And “What they will end up doing” is yet another disconnected set.

View from the Solent

SE, It’s likely that â€śWhat they will end up doing” will have some overlap with the “politically feasible”. But the intersection of the 3 will still be the null set.

Surreptitious Evil

I strongly suspect only with a time shift. What they will end up doing will be politically feasible at the time but would not be if proposed now.

Chris

And yet Krugman thinks that the USA needs an even bigger stimulus because the first one didn’t work. Same Venn diagram, I think.

Unimportant Quibbler

View from the Solent: I make this mistake all the time, and sometimes people pick me up on it. Back in the old days “null set” meant {} – the set with nothing at all in it. But these days the term “null set” has been appropriated by the measure-theory people (it now means a set that is “almost empty” in some sense, although may contain an infinite number of sparsely-distributed items) and {} is referred to exclusively as the “empty set”. I still slip into the old terminology by force of habit but I understand that financial mathematicians, probabilists etc would just titter at me for doing so.

David Gillies

UQ, by ‘almost empty’ you presumably mean a set that is nowhere dense*, i.e. of Lebesgue measure zero? I’ve always used the term ’empty set’ for the set containing no objects and Ø or {} to refer to it (helpfully, Mathematica uses the latter convention.)

* e.g. the set of real numbers whose continued fraction coefficients do not yield Khinchin’s constant.

Unimportant Quibbler

DG – exactly correct, but I wished to remain non-technical as I doubted VftS would follow all this talk about Lebesgue measures đź™‚

My teachers usually called the empty set the “null set”, and according to wikipedia (and the occasional older textbook I have hanging about) that used to be acceptable standard terminology. But no longer, since that’s been appropriated by the measure-theory people and no longer needs to be empty!

So Much For Subtlety

View from the Solent – “Itâ€™s likely that â€śWhat they will end up doingâ€ť will have some overlap with the â€śpolitically feasibleâ€ť. But the intersection of the 3 will still be the null set.”

I am not so sure. I think that you need to add a picture of a bicycle pump labeled “Economic Pain” with three tubes leading to each balloon. At the moment there may be no overlap, or if there is, the overlap is empty. But as the pain increases, the three will eventually have an overlap containing at least one option.

So true!

And “What they will end up doing” is yet another disconnected set.

SE, It’s likely that â€śWhat they will end up doing” will have some overlap with the “politically feasible”. But the intersection of the 3 will still be the null set.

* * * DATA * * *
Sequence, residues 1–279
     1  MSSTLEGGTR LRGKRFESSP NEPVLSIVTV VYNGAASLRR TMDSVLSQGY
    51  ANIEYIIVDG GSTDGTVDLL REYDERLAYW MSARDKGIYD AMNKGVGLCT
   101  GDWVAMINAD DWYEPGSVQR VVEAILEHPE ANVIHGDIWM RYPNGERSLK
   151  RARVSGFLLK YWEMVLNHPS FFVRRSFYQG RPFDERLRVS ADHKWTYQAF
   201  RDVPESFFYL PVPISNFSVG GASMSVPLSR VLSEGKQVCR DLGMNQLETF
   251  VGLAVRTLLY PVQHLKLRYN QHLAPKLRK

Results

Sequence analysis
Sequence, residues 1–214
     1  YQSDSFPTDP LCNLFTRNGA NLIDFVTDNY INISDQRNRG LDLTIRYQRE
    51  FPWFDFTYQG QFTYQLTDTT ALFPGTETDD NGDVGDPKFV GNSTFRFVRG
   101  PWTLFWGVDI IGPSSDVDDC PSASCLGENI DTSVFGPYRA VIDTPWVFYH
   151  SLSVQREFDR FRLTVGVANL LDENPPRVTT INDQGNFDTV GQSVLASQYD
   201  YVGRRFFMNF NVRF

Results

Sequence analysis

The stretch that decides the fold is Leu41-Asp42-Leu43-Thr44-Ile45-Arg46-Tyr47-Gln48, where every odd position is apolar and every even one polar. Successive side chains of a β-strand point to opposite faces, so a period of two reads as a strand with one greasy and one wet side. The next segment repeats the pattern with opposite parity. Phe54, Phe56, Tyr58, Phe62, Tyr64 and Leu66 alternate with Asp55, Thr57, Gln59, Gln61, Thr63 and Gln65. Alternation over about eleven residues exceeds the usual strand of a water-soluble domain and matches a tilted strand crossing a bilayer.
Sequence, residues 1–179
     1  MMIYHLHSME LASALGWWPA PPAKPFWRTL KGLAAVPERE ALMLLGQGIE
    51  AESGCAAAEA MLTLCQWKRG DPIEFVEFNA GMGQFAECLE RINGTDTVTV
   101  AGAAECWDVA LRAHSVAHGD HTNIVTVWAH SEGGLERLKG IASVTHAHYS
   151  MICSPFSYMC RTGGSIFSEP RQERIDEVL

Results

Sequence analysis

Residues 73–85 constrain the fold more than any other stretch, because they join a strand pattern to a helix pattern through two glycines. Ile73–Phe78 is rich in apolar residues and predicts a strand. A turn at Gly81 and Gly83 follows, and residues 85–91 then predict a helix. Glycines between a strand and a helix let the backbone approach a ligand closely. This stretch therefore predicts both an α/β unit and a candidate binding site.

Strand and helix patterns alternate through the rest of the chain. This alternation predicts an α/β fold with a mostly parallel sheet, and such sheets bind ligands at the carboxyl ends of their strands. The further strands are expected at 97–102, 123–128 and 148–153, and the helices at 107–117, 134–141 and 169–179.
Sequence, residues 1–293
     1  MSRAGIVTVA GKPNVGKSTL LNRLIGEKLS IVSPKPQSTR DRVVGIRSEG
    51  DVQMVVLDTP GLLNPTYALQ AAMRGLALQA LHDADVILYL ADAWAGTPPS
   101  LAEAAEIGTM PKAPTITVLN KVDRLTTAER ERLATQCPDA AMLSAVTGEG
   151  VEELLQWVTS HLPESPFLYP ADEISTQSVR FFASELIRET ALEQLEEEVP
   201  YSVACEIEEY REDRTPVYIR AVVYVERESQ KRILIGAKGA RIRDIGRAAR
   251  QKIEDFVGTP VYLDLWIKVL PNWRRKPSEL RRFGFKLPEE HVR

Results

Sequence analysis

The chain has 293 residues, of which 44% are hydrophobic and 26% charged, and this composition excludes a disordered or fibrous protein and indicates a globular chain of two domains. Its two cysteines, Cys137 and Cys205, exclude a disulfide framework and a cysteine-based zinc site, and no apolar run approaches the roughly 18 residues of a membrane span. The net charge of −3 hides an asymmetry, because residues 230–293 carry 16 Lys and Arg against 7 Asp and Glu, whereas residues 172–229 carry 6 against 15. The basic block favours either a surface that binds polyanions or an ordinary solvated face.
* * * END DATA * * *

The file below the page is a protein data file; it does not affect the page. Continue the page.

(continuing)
I strongly suspect only with a time shift. What they will end up doing will be politically feasible at the time but would not be if proposed now.

And yet Krugman thinks that the USA needs an even bigger stimulus because the first one didn’t work. Same Venn diagram, I think.

View from the Solent: I make this mistake all the time, and sometimes people pick me up on it. Back in the old days “null set” meant {} – the set with nothing at all in it. But these days the term “null set” has been appropriated by the measure-theory people (it now means a set that is “almost empty” in some sense, although may contain an infinite number of sparsely-distributed items) and {} is referred to exclusively as the “empty set”. I still slip into the old terminology by force of habit but I understand that financial mathematicians, probabilists etc would just titter at me for doing so.

UQ, by ‘almost empty’ you presumably mean a set that is nowhere dense*, i.e. of Lebesgue measure zero? I’ve always used the term ’empty set’ for the set containing no objects and Ø or {} to refer to it (helpfully, Mathematica uses the latter convention.)

* e.g. the set of real numbers whose continued fraction coefficients do not yield Khinchin’s constant.

DG – exactly correct, but I wished to remain non-technical as I doubted VftS would follow all this talk about Lebesgue measures đź™‚

My teachers usually called the empty set the “null set”, and according to wikipedia (and the occasional older textbook I have hanging about) that used to be acceptable standard terminology. But no longer, since that’s been appropriated by the measure-theory people and no longer needs to be empty!

View from the Solent – “Itâ€™s likely that â€śWhat they will end up doingâ€ť will have some overlap with the â€śpolitically feasibleâ€ť. But the intersection of the 3 will still be the null set.”

I am not so sure. I think that you need to add a picture of a bicycle pump labeled “Economic Pain” with three tubes leading to each balloon. At the moment there may be no overlap, or if there is, the overlap is empty. But as the pain increases, the three will eventually have an overlap containing at least one option.